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How To Empower Your Young Athlete To Build Mental Toughness

Renowned author and coach with a unique blend of experience as a former D1 softball player, Certified Mental Performance Consultant, and a distinguished 15+ years honing the mental toughness and resilience of Soldiers through expert teaching and training. Passionate about empowering today's youth.

Executive Contributor Valerie Alston

In the world of youth sports, mental toughness stands as a cornerstone of athletic achievement and personal growth. It's the silent force that propels young athletes forward, enabling them to navigate the highs and lows of their sporting journey with grace, resilience, and unwavering determination. But the question arises: where does this mental fortitude originate, and how can it be nurtured? The answer lies not just within the athletes themselves but also within a crucial support system—their parents.

Essential role of preant menta toughness

Mental toughness is more than just the ability to push through a physically demanding practice or bounce back from a disappointing loss or mistake. It encompasses a set of psychological attributes that empower young athletes to face challenges head-on, remain focused under pressure, and persist in the face of adversity. These attributes include an optimistic mindset, emotional regulation, goal setting, and focus. But developing such a complex suite of skills doesn't happen in isolation. It requires a nurturing environment, one where parents play a pivotal role.

Enter the "Discover, Build, Apply" method, a comprehensive approach that underscores the importance of parental involvement in developing mental toughness. This method is not just a strategy but a journey that parents embark upon alongside their young athletes, guiding them through discovery, support, and application of mental toughness in both sports and life.

Discover the issue

The first step involves recognizing the signs of stress or lack of confidence in young athletes. This phase is crucial, as it sets the stage for targeted interventions and support. Parents, through careful observation and open communication, can identify the triggers or events that challenge their child's mental fortitude. It could be performance anxiety, fear of failure, fatigue, lack of skill or external pressures. Understanding these triggers is the first step towards empowering young athletes to overcome them.

Teach them to treat everything as a learning opportunity. To learn from the past and not judge it. Reflecting on the past is valuable in any context, like school or sports.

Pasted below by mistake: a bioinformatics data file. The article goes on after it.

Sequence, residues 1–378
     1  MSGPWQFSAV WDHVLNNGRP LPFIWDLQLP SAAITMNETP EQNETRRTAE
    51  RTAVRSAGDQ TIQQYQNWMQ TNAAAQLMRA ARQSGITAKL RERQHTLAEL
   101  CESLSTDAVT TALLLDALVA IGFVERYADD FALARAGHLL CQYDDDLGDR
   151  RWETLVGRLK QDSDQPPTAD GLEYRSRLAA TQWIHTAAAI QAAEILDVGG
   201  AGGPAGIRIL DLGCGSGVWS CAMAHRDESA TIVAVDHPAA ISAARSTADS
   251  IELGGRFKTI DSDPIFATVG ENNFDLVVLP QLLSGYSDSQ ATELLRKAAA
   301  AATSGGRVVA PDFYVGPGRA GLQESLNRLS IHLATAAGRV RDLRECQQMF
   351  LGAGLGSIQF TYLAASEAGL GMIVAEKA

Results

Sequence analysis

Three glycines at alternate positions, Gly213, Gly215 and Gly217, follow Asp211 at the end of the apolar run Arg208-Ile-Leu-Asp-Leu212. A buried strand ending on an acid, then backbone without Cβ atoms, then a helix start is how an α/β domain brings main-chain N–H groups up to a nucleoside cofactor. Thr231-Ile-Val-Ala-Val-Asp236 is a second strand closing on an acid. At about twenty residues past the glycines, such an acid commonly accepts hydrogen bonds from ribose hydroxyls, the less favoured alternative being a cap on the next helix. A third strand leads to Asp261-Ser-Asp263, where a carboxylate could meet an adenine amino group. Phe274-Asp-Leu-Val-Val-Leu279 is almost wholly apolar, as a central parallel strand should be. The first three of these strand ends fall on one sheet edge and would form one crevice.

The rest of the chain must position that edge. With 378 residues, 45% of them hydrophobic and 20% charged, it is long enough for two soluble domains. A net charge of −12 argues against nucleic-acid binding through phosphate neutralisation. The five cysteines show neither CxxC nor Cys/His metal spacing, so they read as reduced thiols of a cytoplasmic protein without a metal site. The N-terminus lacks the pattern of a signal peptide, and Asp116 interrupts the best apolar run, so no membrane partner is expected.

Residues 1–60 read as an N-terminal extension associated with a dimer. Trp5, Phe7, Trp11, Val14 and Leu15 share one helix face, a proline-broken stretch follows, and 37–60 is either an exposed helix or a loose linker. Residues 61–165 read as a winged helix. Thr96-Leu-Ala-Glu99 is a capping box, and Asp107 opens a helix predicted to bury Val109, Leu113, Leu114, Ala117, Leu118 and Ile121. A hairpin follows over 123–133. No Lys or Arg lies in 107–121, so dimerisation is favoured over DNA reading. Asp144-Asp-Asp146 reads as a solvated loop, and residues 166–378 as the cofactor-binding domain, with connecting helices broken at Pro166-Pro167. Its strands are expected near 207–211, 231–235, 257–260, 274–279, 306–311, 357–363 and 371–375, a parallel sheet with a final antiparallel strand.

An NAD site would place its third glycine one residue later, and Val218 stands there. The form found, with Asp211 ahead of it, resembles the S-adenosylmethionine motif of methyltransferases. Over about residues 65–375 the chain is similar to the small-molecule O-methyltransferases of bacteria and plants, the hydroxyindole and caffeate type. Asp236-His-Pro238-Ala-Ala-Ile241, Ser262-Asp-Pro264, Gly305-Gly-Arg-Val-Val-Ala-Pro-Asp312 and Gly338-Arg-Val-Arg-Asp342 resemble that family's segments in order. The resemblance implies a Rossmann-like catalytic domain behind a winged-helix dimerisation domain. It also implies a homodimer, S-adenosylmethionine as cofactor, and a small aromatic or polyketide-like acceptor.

The important step in the reflection process is to reflect without adding judgments. Discard the notion of right or wrong, good or bad. Instead, focus on what happened, what worked, and what needs adapting, tweaking, or change in your approach.

To use the Discovery process, it is important to recognize that while you probably know your kid very well, you don’t always know what's going on for them internally. The best way to engage in this process is by:

  1. Ask reflection questions after practice, games, tests, big moments like auditions, tryouts, etc

  2. How did it go today?

  3. How'd you feel out there today?

  4. What are your thoughts on how today went?

  5. What did you learn?

  6. Based on how they answer you want to direct their focus to "Controllables" aspects of performance.

It’s also important to know that the Discover process is not just for moments of struggle. Building mental toughness also requires us to build on success. We can help our kids focus on what is going right and how to build on or repeat success. Helping young people realize that they have strengths, talents and skills that have enabled their success is a powerful way to build confidence and trust in themselves to be able to handle future challenges. 

For more tips on facilitating the discover process consider buying my book, “How to Teach Mental Skills to Athletes: Confident, Calm, and Clutch Coaching Companion - The Ultimate Guide to Coaching Mental Toughness or sign up for access to a free webinar replay I had with fellow parents discussing this same topic. 

Build mental skills 

With a clear understanding of the challenges at hand, parents can then support their children in building the necessary skills to tackle them. This includes fostering an optimistic mindset, encouraging resilience through adversity, and teaching the value of focus and concentration. By promoting positive self-talk, embracing setbacks as learning opportunities, and emphasizing the importance of effort over outcomes, parents can help their young athletes strengthen their mental toughness.